CT Teens May Soon Be Able to Get HIV Prevention Medication Without Parental Consent

June 19, 2019

Dr. Krystn Wagner said young people who aren’t ready to reveal their sexual activity to family may not seek out something like PrEP if they need a parent’s consent. And soon, they may not need one. “If parental involvement served as a barrier to their having access to something that would prevent a lifetime infection, I think it’s a pragmatic and empowering option to give teens,” she said.

In general, minors can’t make medical decisions without a parent or guardian’s involvement. State and federal laws have made some exceptions, including for the testing and treatment for sexually transmitted disease.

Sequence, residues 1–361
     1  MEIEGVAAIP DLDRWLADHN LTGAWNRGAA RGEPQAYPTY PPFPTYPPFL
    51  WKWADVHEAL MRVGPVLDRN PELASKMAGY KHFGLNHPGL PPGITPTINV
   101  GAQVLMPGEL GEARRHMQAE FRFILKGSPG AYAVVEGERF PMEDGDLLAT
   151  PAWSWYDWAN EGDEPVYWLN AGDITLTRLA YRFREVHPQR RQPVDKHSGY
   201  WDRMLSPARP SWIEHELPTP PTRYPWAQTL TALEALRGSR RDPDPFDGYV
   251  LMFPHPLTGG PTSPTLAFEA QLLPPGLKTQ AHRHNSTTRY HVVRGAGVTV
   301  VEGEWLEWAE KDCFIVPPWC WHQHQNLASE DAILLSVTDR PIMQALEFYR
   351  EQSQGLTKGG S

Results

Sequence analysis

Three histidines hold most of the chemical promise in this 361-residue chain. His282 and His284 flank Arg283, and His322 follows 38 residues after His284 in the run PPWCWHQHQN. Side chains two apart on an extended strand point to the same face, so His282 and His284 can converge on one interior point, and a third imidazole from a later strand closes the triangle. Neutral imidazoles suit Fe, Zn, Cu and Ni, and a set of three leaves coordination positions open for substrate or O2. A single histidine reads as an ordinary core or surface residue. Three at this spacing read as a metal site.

But PrEP is an HIV preventative medication, which is why Jay Sicklick, attorney and director of the medical-legal partnership at the Center for Children’s Advocacy, said state laws need to be amended in order to catch up with the advancements medicine.

“The problem was that this area of prophylaxis doesn’t easily fall within the definition of care or treatment, because it is not in fact care or treatment for something to prevent the transmission of a disease,” he said.

Sicklick worked with Wagner on the legislation, which got strong bipartisan support in the legislature. It also helped that the FDA officially approved PrEP for minors just last year — before that approval, Sicklick said that was a big roadblock for the bill in past years.

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